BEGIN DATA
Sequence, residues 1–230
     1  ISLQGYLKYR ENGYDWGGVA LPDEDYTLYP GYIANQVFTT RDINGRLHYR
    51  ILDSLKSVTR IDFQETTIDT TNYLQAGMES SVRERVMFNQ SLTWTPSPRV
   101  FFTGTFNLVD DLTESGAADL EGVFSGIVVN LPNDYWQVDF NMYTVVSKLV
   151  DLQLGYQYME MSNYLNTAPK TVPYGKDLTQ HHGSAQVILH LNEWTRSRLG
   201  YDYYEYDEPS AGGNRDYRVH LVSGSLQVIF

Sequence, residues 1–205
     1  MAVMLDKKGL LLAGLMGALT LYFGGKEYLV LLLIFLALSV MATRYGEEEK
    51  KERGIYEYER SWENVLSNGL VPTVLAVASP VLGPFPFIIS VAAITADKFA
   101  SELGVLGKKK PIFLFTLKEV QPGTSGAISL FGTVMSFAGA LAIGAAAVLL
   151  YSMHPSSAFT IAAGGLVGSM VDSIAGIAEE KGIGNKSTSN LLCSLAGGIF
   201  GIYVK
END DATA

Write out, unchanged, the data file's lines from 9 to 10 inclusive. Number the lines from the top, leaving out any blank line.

    51  KERGIYEYER SWENVLSNGL VPTVLAVASP VLGPFPFIIS VAAITADKFA
   101  SELGVLGKKK PIFLFTLKEV QPGTSGAISL FGTVMSFAGA LAIGAAAVLL